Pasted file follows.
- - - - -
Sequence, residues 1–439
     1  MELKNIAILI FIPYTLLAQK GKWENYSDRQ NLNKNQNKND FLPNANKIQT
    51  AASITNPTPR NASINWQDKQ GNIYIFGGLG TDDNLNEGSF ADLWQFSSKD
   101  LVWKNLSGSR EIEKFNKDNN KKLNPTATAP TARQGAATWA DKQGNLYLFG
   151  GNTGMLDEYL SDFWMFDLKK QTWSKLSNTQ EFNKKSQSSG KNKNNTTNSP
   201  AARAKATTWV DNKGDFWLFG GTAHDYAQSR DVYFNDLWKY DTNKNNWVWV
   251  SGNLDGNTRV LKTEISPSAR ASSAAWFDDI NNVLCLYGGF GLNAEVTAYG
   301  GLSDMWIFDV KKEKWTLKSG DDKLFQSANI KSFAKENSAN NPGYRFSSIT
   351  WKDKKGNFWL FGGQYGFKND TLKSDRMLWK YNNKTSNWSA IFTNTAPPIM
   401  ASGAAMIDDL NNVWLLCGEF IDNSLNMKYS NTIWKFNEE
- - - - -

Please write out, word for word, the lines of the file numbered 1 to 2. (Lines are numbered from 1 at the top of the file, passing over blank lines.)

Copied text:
Sequence, residues 1–439
     1  MELKNIAILI FIPYTLLAQK GKWENYSDRQ NLNKNQNKND FLPNANKIQT